City of Derry

Original Official Site of the Northern Ireland Tourist Board

Across the sinuous River Foyle

'And now the walls of Derry rise out of history'

The story of Derry is a long and tumultuous one. Set on a hill on the banks of the Foyle estuary, strategically close to the open sea, it came under siege and attack for over a thousand years.

St Columb came out of Donegal to escape the plague 1,400 years ago and founded his first monastery in the oak grove (Doire in Gaelic), a gift from his cousin, Prince of Aileach. It was a holy place. The saint said that 'the angels of God sang in the glades of Derry and every leaf held its angel.'

You can walk along the great 17th-century walls, about a mile round and 18 feet thick, which withstood several sieges and even today are unbroken and complete, with old cannon still pointing their black noses over the ramparts. The great siege lasted for 105 days.

The modern city preserves the 17th-century layout of four main streets radiating from the Diamond to four gateways - Bishop's Gate, Ferryquay Gate, Shipquay Gate and Butcher's Gate. Historic buildings within the walls include the 1633 Gothic cathedral of St Columb. In the porch is an inscription:

'If stones could speake then London's prayse should sound Who built this church and cittie from the grounde.'

At the time of the plantation of Ulster, the City of London sent master-builders and money to rebuild the ruined medieval town hence the name Londonderry.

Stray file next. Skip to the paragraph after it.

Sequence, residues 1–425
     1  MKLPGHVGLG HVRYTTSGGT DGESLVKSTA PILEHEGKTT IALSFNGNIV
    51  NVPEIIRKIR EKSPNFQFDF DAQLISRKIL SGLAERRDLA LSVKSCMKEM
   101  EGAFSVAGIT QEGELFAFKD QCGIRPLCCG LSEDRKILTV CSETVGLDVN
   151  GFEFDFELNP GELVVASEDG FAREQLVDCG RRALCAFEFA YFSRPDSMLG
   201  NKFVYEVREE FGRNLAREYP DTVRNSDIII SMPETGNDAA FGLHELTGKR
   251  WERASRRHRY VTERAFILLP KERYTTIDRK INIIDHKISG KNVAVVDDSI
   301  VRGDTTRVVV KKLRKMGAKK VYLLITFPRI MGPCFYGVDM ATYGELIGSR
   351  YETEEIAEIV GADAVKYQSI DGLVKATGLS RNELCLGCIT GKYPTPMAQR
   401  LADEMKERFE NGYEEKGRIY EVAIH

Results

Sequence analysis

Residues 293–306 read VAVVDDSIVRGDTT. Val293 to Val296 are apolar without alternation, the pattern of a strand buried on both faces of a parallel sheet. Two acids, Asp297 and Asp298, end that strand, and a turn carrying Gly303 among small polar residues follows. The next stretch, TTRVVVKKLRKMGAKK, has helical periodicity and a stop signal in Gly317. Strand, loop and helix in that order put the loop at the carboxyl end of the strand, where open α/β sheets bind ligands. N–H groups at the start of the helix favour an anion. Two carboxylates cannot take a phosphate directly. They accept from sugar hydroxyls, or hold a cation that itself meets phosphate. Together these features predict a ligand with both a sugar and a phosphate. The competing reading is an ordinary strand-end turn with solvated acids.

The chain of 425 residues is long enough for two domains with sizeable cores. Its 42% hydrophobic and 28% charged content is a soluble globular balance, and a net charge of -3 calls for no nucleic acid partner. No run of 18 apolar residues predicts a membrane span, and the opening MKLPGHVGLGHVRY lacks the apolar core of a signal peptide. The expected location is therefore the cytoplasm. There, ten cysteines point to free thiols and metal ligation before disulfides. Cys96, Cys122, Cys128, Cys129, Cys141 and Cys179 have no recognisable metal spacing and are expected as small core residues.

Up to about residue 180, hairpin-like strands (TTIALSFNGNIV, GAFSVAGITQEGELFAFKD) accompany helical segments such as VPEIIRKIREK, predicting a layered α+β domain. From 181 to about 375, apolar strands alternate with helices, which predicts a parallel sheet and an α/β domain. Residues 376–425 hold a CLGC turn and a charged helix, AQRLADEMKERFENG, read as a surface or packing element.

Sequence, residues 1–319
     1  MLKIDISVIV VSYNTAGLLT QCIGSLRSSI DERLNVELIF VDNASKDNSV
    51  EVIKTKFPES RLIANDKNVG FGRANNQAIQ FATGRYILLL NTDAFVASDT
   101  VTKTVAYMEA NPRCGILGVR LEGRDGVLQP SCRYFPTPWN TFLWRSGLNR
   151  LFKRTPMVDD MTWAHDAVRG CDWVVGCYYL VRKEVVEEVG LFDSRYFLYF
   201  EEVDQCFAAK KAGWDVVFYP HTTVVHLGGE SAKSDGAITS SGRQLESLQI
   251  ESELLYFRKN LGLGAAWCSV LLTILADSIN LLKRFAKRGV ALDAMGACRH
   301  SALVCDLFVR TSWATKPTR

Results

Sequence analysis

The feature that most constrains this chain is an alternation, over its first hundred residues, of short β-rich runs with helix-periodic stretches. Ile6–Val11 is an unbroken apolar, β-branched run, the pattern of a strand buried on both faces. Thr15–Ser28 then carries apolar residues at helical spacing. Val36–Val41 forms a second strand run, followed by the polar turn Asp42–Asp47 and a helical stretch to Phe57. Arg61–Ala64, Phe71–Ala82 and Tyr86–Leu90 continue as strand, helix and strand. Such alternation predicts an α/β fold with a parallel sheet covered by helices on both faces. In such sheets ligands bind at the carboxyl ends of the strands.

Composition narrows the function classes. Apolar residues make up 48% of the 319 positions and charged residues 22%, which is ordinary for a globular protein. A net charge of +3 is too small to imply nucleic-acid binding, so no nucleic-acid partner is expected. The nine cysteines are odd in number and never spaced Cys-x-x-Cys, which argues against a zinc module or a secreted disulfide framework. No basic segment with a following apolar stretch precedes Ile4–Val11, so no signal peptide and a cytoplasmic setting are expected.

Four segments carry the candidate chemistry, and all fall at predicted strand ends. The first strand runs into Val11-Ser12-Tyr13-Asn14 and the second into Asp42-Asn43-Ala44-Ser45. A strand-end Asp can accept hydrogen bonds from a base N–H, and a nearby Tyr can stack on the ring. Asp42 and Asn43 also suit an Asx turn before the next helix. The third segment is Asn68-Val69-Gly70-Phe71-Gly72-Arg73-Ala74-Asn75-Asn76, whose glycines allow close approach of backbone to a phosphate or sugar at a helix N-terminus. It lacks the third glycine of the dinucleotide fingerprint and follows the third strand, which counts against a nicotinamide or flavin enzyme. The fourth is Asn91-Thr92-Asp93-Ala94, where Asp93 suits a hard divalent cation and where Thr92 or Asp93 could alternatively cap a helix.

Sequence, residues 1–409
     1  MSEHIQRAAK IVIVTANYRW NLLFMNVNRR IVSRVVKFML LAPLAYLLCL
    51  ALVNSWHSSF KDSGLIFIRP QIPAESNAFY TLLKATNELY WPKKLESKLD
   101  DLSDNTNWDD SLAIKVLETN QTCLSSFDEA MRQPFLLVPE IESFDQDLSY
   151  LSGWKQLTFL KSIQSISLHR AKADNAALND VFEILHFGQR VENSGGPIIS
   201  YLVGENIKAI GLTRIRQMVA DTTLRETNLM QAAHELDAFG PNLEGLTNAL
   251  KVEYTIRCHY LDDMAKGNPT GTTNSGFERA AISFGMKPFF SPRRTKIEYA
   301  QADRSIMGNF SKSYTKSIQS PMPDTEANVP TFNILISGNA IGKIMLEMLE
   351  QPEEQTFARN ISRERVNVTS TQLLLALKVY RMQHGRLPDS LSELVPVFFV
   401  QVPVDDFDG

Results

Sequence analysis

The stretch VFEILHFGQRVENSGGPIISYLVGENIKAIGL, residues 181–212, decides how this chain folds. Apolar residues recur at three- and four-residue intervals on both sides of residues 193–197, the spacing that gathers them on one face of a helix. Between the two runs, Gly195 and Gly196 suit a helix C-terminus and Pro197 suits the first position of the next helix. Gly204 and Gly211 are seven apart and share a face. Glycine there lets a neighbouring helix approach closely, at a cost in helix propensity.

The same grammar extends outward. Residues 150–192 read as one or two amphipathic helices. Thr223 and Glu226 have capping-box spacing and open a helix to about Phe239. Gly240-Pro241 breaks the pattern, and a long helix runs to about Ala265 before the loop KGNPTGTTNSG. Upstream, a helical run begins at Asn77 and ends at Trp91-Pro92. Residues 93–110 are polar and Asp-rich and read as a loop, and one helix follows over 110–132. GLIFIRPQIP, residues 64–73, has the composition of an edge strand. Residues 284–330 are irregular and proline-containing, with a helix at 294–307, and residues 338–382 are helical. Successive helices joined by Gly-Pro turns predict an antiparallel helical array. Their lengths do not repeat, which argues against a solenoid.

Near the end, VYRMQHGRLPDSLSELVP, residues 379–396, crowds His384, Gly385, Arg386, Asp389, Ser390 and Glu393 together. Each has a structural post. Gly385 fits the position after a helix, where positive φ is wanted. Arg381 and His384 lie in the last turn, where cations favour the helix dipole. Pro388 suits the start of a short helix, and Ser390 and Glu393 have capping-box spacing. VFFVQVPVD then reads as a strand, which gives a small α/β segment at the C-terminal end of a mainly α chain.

Colonel Baker, a governor of the city who died on the 74th day of the siege, shares a memorial in the cathedral with Captain Browning who was killed as his ship Mountjoy broke the boom across the river and relieved the city in July 1689. The chapterhouse displays the keys to the gates that were shut against James II in December 1688.

The Guildhall, looking much like its counterpart in London, is just outside the walls. Its stained glass windows illustrate almost every episode of note in the city's history. The story flows up the staircase and floods all the chambers with brilliant light.

The main thoroughfare, Shipquay Street, is very steep, with narrow little streets running off it and a craft village tucked in behind the O'Doherty tower. From the quay behind the Guildhall hundreds of thousands of Irish emigrants sailed to a new life in the New World.

County Londonderry Overview | Exploring Derry | History of Derry | Sperrin Mountains

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